Limitations of TIR

The use of CGM greatly increases the ability to assess glycaemic control throughout the day, as it allows for the direct observation of glucose excursions and daily profiles, including patterns of hypo- or hyperglycaemia, which can help in making therapy decisions and/or lifestyle modifications. However, CGM would need to be actively used in order to be effective which can be costly, and there may be a delay in registering SG changes in dynamic situations.

CGM is not a “set and forget” system, but requires the user to interpret the data and act upon this appropriately.


What is the optimal Time In Range target?

As outlined above, most experts agree that a target range of 3.9-10.0 mmol/L is ideal. However special considerations, such as pregnancy or other health conditions, will need to be considered (see figure 1.).

In short it is recommended to spend;

  • Less than 4% of the day in TBR (<3.9 mmol/L)
    • And less than 1% of the day <3.0 mmol/L
  • At least 70% of the day TIR (3.9-10.0 mmol/L)
  • Less time in TAR (>10.0 mmol/L)


How can the TIR be improved?

The first priority is always to reduce TBR to target levels and then to address TIR (or TAR) targets. Achieving targets for both TBR and TIR will reduce time spend in TAR. Some clinicians may choose to target the reduction of the high glucose values (TAR) and minimise hypoglycaemia (TBR), thereby arriving at more time in the target range.

To improve TIR it is important that the person with diabetes actively and accurately counts carbohydrates and adjusts bolus (pre-meal) insulin doses based on the current SG or BG level, their insulin to carbohydrate ratio (ICR), insulin sensitivity factor (ISF), insulin left on board (IOB) and insulin action/duration. Physical activity and meal composition of course also play a major role.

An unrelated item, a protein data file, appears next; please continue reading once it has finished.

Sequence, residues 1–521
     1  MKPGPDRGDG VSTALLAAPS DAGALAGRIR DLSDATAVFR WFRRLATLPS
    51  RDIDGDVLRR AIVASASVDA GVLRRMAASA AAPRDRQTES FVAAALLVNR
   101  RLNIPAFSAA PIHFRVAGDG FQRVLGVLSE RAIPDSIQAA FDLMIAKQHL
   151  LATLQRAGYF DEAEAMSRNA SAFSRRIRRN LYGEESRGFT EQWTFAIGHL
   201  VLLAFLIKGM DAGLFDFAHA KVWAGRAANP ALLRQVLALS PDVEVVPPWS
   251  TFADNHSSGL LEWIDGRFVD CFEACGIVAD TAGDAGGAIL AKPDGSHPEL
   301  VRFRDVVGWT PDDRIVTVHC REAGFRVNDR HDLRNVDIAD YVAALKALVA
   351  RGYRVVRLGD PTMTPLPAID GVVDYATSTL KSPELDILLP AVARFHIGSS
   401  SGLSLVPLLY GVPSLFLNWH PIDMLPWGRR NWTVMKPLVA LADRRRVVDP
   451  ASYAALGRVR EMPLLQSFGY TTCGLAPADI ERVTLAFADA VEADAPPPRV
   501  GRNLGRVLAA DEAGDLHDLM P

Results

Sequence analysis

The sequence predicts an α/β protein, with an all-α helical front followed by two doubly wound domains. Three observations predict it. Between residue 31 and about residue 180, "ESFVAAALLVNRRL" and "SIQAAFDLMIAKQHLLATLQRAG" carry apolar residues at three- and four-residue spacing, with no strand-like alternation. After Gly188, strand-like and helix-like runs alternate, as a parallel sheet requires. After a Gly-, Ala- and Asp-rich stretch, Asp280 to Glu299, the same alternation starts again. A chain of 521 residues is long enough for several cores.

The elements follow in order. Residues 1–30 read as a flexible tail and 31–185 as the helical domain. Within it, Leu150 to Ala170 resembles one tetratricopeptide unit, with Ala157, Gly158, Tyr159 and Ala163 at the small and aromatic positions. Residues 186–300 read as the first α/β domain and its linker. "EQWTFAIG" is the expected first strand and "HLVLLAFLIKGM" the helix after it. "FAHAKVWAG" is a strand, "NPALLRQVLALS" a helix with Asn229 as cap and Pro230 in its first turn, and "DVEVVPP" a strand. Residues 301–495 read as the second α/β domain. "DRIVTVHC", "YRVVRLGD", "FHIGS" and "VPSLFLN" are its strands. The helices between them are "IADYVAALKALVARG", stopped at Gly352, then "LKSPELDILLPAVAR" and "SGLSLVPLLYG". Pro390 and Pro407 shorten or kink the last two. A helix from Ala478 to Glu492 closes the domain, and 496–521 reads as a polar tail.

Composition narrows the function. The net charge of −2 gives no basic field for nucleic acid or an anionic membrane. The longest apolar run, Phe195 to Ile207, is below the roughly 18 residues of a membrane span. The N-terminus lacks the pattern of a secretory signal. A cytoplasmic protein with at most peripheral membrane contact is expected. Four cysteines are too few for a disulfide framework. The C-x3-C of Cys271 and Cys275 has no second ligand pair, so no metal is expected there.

As people with type 2 diabetes tend to have less glucose variability and less hypoglycaemia than those with type 1 diabetes, people with type 2 diabetes can often achieve more TIR, more easily.

When it comes to making insulin dose adjustments; slow and steady wins the race.



  1. Andrade Lima Gabbay et al, Diabetology & Metabolic Syndrome, published 16 March 2020; Time in range: a new parameter to evaluate blood glucose control in patients with diabetes. https://dmsjournal.biomedcentral.com/articles/10.1186/s13098-020-00529-z
  2. Battelino et al, Diabetes Care, August 2019; Clinical Targets for Continuous Glucose Monitoring Data Interpretation: Recommendations From the International Consensus on Time in Range. https://care.diabetesjournals.org/content/42/8/1593
  1. R. W. Becket al, J Diabetes Sci Technol. 13 January 2019; The relationships between time in range, hyperglycemia metrics, and HbA1c. https://pubmed.ncbi.nlm.nih.gov/30636519/
  2. R. A. Vigersky, C. McMahon, Diabetes Technology & Therapeutics, online 1 February 2019; The Relationship of Hemoglobin A1C to Time-in-Range in Patients with Diabetes.  https://www.liebertpub.com/doi/full/10.1089/dia.2018.0310
  3. T. Danne et al, Diabetes Care December 2017; International Consensus on Use of Continuous Glucose Monitoring. https://care.diabetesjournals.org/content/40/12/1631